juicy thrill ride to the end. Jasmine, the protagonist, is a powerful
dream therapist, rehabilitating the most vile, disturbed people, i.e.
serial killers. She loves her work. Perhaps too much. In this story,
Jasmine encounters an evil little girl perhaps more powerful than she.
This little girl, Lisbeth, goes to work torturing people in their
dreams, something like a serial killer. Perhaps this little girl is
worse than a serial killer because her victims awaken every morning, and
she can torture them night after night after night until her darkest
heart's content! Jasmine, rather than allow authorities to kill Lisbeth,
shows Lisbeth how to satiate her desire and lust for terror in the guise
of therapy. At story's end, I feel that Jasmine understands Lisbeth's
needs perhaps too well. It is the interesting interplay of characters
and the revelation about Jasmine's character in particular that make
this story the best in the collection. Most readers may not understand
the revelation about Jasmine's character at first, but the best readers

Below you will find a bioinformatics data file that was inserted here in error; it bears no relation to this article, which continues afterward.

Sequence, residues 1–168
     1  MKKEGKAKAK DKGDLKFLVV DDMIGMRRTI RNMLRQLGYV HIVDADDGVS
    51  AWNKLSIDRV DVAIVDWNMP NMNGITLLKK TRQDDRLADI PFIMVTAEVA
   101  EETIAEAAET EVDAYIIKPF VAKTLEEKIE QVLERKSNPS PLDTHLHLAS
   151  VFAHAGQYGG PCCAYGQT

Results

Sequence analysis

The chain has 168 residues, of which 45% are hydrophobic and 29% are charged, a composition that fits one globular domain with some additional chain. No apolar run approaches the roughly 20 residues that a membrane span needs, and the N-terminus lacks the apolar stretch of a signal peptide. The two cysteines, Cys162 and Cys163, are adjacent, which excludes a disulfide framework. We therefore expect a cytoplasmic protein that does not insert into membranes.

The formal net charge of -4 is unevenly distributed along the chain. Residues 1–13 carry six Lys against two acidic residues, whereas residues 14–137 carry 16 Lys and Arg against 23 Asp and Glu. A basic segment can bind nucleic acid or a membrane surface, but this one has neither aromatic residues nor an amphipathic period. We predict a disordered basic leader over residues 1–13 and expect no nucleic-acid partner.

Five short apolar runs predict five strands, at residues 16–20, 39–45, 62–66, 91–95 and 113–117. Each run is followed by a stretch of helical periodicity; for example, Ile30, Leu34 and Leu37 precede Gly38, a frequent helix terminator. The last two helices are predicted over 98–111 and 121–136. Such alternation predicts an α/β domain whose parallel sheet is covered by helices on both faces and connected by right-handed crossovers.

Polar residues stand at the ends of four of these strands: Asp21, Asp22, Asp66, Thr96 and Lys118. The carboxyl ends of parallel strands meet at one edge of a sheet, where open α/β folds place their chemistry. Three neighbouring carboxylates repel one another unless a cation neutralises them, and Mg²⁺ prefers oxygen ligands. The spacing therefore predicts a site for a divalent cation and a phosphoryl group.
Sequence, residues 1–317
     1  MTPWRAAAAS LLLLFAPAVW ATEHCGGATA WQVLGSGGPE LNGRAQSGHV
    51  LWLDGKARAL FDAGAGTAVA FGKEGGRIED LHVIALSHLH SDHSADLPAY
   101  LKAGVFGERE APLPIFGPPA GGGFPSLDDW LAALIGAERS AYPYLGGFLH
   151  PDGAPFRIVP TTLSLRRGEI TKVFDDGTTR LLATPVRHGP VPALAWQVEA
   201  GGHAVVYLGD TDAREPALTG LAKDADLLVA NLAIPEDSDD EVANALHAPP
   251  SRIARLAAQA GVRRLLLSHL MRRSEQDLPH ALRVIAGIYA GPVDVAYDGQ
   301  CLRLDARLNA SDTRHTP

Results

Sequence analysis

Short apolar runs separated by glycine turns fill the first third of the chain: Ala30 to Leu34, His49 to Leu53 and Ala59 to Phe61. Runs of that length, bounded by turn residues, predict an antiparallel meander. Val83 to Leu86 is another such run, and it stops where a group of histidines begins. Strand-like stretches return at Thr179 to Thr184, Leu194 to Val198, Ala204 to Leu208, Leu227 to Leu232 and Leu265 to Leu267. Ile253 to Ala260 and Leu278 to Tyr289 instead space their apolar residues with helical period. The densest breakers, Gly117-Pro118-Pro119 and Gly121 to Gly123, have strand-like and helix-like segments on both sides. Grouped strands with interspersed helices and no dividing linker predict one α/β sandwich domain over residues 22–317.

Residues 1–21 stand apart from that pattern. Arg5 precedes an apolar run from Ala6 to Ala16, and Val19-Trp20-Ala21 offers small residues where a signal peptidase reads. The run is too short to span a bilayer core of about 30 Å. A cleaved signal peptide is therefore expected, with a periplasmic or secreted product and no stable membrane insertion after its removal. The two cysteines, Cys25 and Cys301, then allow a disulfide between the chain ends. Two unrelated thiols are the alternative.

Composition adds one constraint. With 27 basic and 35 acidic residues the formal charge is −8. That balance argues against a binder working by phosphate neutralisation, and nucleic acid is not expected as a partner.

will shudder when they understand what has been revealed. I guarantee it!
Besides the two stories featuring Anita Blake, a third story in this
collection is set in that same world without the familiar signature
characters. "Selling Houses" is an extrapolation of Laurell asking the
question: "What are people with less dangerous jobs doing in Anita's
world now that vampires are legally alive? How has it changed other
jobs? For instance, real estate...." In this story, Abbie is the goto
psychic real estate agent, if your house is hard to sell because
murderers had lived in it, or its occupants have been slaughtered in it,
for example. The house she has to sell is an example of the latter,
still haunted by a little boy named Brian. This house, it turns out,
might be just the perfect home for a small family of vampires. By law,
they're people, too, just like Abbie or any of her friends. And they
seem nice enough, and even have reflections.
One of Laurell's strengths is a habit "of taking the fantastic and
dropping it into the middle of the real," as she confesses in the